The President had more success in facing down the Catholic Church to push through a bill legalizing divorce. But he incurred the Bishops' deep hostility during their tussle, and Alfons'in never really made a dent in the influence that the church wields over education in Argentina.

With the big industrialists, the grain exporters and the bankers who control ``La City,'' as Buenos Aires' financial district is known, Alfons'in was never comfortable. And as the economic debacle gathered pace toward the end of his term, his relations with big business soured to the point of open enmity, with each side blaming the other for the catastrophe.

If Alfons'in's most spectacular early success in dealing with the ``corporations'' was his prosecution of military commanders for human rights abuses, that field was also the scene of later humiliations.

THE Army has never forgiven Alfons'in for putting its leaders in the docks for the crimes committed during the 1970s' ``dirty war'' - the armed forces' crackdown on leftist guerrillas and political dissidents. And in three rebellions over the past two years, mutinous officers have gradually reasserted the military influence over Argentine politics.

Most dramatically in Easter week 1987, President Alfons'in put down an Army uprising only by promising to promote a law that protected all but a handful of officers from human rights trials.

With each set back in his sallies against the traditional pillars of Argentine society, Alfons'in and his government lost a little more credibility. Finding ``no way either to get a grip on the corporations or to negotiate with them, doing neither one thing or the other'' left Alfons'in highly vulnerable, argues Mr. Eloy.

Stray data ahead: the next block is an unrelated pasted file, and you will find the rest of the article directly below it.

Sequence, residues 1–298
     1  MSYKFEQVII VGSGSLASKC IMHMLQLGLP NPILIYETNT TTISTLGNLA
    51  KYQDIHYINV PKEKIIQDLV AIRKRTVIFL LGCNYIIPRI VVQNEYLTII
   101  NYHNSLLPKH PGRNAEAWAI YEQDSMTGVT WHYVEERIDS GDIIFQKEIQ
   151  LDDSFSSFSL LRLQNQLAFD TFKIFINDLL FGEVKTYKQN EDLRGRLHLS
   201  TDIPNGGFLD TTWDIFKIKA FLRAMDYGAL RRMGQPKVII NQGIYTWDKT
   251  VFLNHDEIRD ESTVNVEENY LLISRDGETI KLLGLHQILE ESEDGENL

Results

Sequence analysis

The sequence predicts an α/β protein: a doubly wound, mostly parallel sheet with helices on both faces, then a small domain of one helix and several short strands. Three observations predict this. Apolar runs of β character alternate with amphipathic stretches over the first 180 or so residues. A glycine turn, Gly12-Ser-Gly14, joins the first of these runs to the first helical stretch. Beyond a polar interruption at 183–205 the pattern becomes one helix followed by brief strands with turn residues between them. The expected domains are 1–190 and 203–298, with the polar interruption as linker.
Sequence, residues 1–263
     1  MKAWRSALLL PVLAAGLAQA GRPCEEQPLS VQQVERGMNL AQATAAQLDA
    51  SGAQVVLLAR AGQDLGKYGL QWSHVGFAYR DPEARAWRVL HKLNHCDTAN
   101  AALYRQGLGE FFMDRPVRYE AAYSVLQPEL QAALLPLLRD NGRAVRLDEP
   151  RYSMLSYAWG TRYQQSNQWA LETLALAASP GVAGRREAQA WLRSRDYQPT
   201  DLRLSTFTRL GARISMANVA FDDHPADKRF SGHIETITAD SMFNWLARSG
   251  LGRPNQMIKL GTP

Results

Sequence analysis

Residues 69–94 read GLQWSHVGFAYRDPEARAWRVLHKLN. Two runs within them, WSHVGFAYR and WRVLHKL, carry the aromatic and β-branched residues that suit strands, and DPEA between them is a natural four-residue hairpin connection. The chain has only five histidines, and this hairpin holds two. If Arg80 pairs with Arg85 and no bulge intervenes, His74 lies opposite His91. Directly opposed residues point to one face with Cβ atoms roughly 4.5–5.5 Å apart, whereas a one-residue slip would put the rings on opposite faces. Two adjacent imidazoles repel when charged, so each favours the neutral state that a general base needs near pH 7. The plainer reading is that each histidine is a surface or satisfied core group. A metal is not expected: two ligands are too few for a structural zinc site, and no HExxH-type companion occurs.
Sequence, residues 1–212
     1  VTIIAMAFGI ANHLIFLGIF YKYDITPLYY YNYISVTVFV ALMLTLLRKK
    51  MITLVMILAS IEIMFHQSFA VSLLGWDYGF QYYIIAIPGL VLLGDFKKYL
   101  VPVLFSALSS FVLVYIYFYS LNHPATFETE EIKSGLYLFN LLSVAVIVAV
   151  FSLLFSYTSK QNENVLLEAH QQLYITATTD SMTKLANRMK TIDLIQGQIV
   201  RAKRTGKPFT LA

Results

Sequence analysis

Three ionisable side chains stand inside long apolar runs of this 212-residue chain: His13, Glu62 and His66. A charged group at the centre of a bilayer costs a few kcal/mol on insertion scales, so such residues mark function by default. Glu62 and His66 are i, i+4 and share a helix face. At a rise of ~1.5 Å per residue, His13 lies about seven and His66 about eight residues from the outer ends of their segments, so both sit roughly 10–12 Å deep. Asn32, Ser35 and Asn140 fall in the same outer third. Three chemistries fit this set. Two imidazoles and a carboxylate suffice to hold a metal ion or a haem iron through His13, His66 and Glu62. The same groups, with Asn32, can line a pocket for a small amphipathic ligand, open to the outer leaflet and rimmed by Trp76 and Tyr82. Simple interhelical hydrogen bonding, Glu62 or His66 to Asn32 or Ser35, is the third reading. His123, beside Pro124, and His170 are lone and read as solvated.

But if the President's ratings at home have plummeted, he remains a well-respected figure internationally.

Six years ago Argentina was a pariah nation, its military rulers shunned for the barbarity committed during their dictatorship. Today, Buenos Aires' voice carries weight in international forums, especially in the debates over Central America's future and on Latin America's foreign debt.

President Alfons'in has returned his country to the international fold on the strength of the unprecedented political freedoms that he has guaranteed during his five and a half years in office.

Never before has an Argentine government shown such respect for freedom of the press, for opposition rights, or for the autonomy of provincial governments.

And the democratic system that Alfons'in has rebuilt has stood up in recent months to heavy battering from a fierce election campaign and hyperinflation that would have undermined many other nascent democracies.

Despite all the trouble, points out Radical party ``eminence grise'' Aldo Ferrer, nobody even mentioned the possiblity of a military coup.

``The fact that all the options under consideration were within the institutional framework is a real achievement,'' says Mr. Ferrer. ``Governments here have fallen for much less than what has happened now. Our democracy is young, but perhaps it is not so weak as it looks.''

Alfons'in is clearly expecting that the system he nurtured has a future. As soon as he invests Mr. Menem with the symbol of office tomorrow morning, he plans to return to his home town of Chascomus to address a political rally. Friends say it will be the first speech in his political comeback.